The Silver Jubilee project represented the first purpose-built Jamatkhana in North America, and the second Ismaili Centre in the Western world, following the Centre in London, opened earlier in the same year.
In an online interview to mark the occasion, to be aired tonight on The Ismaili TV, the former Prime Minister will share his thoughts and vision for the future of Canada post-Covid, and the role that each individual might play in realising it. During the interview, he reminisced on the inauguration of the building 35 years ago, an event that has lived in the memory of many Ismailis until today.
“It was a joyous day — the Aga Khan was opening a very splendid Ismaili Centre, and I was honoured to be there on behalf of the government of Canada to signal our support, not only for the Centre, but for the tremendous contributions that the Ismaili community was making to Canada and continues to make.”
The site in Burnaby, to the east of Vancouver, was acquired in 1979, for it was here that the first Ismaili congregation was established in Canada.
A firm of architects, led by the well-known Vancouver architect Bruno Freschi, was commissioned to prepare the plans for the building. In addition to meeting the needs of the Ismaili community, the new Centre would also need to blend harmoniously and discreetly with the environment, yet add another dimension to the varied architecture of the area.
The geometrical symmetry and setting of the building, with its well-laid garden, provides a serene and peaceful space for contemplative spiritual experience. The sound of moving water, the touch of varied surface textures, the richness of colour and the play of light and shade upon the vision, the scent of plants are all reminiscent of the finest Islamic architectural traditions.
At the opening ceremony, Mawlana Hazar Imam outlined his vision for the Centre.
“This will be a place of congregation, of order, of peace, of prayer, of hope, of humility, and of brotherhood,” he said. “It has been conceived and will exist in a mood of friendship, courtesy, and harmony. While the building will be an important focus in the social and religious life of the local Ismaili community in Burnaby, it is my hope, a very deep hope, that it will become a symbol of a growing understanding in the West of the real meaning of Islam.”
It quickly became a central focal point for the Jamat in British Columbia, and a launchpad for the community to make a meaningful contribution to the social, economic, and cultural landscape of Canada. Over time it also took on an ambassadorial function, facilitating new relationships and an improved understanding within Canadian society of both the Shia Ismaili Muslim community and the wider Muslim ummah.
This was in keeping with the vision of the network of Centres around the world. After London and Vancouver, Ismaili Centres have since been established in Lisbon, Dubai, Dushanbe, and Toronto, with one more currently in the design phase, to be built in Houston. Each is a symbolic marker of the permanent presence of the Ismaili community, and all share certain common aspirations.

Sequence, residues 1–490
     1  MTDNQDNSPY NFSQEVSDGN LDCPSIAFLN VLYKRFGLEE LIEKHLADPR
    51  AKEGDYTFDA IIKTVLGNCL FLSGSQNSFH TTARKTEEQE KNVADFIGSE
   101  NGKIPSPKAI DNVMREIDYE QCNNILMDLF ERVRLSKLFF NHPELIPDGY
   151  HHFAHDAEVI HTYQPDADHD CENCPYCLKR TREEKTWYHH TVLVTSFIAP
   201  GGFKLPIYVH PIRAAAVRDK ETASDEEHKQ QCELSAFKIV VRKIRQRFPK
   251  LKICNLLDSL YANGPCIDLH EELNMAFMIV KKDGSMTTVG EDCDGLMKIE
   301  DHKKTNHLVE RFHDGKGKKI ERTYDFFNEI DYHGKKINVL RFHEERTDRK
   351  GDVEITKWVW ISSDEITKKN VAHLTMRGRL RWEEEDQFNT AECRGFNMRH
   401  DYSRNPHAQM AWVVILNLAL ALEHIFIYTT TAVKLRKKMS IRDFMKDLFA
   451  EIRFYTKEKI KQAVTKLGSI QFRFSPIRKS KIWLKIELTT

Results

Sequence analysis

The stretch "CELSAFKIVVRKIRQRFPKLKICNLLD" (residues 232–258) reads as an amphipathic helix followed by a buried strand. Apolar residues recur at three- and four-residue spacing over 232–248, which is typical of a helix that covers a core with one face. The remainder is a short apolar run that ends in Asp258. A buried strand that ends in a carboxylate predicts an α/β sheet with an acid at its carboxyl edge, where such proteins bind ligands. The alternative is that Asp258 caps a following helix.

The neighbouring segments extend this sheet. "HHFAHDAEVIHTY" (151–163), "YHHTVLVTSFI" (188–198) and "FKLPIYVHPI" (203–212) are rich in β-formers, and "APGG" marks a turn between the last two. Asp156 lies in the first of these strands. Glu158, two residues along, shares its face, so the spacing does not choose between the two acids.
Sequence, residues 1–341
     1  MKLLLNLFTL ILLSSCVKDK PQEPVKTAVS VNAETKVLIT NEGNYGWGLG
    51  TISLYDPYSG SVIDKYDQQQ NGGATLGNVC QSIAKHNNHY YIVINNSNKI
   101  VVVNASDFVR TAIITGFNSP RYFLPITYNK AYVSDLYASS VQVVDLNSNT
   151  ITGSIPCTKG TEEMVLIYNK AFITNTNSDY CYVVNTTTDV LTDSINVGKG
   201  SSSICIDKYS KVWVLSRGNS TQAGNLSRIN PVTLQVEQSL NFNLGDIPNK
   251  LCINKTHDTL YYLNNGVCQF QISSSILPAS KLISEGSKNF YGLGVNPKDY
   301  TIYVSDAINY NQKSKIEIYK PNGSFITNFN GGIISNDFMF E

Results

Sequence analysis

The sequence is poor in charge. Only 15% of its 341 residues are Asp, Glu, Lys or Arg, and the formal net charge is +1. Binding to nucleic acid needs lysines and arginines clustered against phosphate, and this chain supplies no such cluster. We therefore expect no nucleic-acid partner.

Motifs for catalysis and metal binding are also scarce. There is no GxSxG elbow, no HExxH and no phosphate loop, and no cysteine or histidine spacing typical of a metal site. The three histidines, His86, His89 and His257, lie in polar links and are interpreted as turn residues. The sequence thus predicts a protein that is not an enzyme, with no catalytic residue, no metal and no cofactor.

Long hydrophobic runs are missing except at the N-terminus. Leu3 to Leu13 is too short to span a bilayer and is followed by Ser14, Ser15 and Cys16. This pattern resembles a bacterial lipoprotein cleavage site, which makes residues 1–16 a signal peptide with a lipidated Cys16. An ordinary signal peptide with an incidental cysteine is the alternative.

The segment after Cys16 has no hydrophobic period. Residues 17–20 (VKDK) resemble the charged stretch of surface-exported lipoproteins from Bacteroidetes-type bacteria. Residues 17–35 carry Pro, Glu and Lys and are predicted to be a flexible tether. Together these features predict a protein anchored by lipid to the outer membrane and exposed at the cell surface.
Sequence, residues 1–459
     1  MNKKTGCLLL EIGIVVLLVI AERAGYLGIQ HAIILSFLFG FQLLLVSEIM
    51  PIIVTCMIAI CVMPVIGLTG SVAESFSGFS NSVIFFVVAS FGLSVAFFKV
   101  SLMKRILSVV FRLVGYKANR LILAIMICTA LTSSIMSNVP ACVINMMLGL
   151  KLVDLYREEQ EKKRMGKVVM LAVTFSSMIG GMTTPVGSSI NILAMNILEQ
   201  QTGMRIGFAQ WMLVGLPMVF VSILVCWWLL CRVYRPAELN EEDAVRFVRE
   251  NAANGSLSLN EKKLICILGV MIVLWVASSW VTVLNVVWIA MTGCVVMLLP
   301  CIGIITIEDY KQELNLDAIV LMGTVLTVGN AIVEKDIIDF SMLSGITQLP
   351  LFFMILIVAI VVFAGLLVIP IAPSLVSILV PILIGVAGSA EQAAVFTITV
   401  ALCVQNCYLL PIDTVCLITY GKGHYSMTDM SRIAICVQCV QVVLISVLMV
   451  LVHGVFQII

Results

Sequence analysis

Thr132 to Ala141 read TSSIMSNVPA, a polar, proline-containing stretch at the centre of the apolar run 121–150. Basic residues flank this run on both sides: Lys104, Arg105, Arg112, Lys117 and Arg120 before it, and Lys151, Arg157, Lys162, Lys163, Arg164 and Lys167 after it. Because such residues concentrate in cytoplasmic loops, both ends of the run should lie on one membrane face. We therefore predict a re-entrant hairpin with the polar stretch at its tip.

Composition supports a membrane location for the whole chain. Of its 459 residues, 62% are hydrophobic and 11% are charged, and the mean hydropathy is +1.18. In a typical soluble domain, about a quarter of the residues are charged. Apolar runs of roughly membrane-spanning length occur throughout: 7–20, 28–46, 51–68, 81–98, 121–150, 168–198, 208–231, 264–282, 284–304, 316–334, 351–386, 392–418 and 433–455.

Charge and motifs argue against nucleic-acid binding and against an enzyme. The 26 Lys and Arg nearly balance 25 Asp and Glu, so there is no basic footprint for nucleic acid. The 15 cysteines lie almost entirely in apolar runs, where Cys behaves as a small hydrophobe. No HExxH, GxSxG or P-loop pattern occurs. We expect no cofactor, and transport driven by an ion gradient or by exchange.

Since its opening, the Centre in Vancouver has welcomed an array of social, political, and business leaders, crossing the lines of political affiliation, culture, and religion, and has provided a meaningful setting for the promotion of dialogue and the sharing of ideas.
In the run-up to the Vancouver 2010 Winter Olympic Games, Her Excellency the Right Honourable Michaëlle Jean, former Governor General of Canada, led some 200 British Columbian youth in a Truce Dialogue. Soon after, the Chief Justice of Canada, Beverley McLachlin, was a guest at a luncheon held at the Centre, where she spoke about improving access to justice and the role of alternative dispute resolution.
More recently, the building and its gardens have participated in the Indian Summer Festival, and hosted eminent speakers including Chancellor of the University of Calgary and former astronaut Robert Thirsk, and President of the University of British Columbia Professor Santa Ono.
This spirit of openness, of sharing knowledge, cultures, and opinions that has taken place at the Centre is reflected in wider Canadian society.
“This is all part and parcel of the puzzle, the mosaic called Canada,” said former Prime Minister Mulroney. “That’s why everyone is so valuable to us, and that’s why we welcome the ideas, and the attitudes, and the views of people from afar who come to find succour and sanctuary and prosperity in Canada for their families.”
Beginning in the early 1970s, countless members of the Ismaili Jamat from East Africa, Central Asia, and South Asia have sought this sanctuary, many of whom have since made Canada their home, settling in the major provinces of Ontario, Alberta, and Quebec, but also in every other province across the country.
“They have brought their sense of industry, their brilliance, their love of family, their loyalty to Canada, their loyalty to their faith, and they’ve contributed enormously because of their entrepreneurship, to Canada’s prosperity,” said Mr Mulroney.
“And so if you were looking for a near-perfect example of the kinds of immigrants that Canada needs, we’ve just defined them, and that’s the Ismaili community.”
The full interview with The Right Honourable Brian Mulroney will premiere on The Ismaili TV tonight at 8PM Eastern Daylight Time / 5PM Pacific Daylight Time.
A repeat of the programme will be screened at 7AM, 1PM, and 7PM British Summer Time / 10AM, 4PM, and 10PM Gulf Standard Time.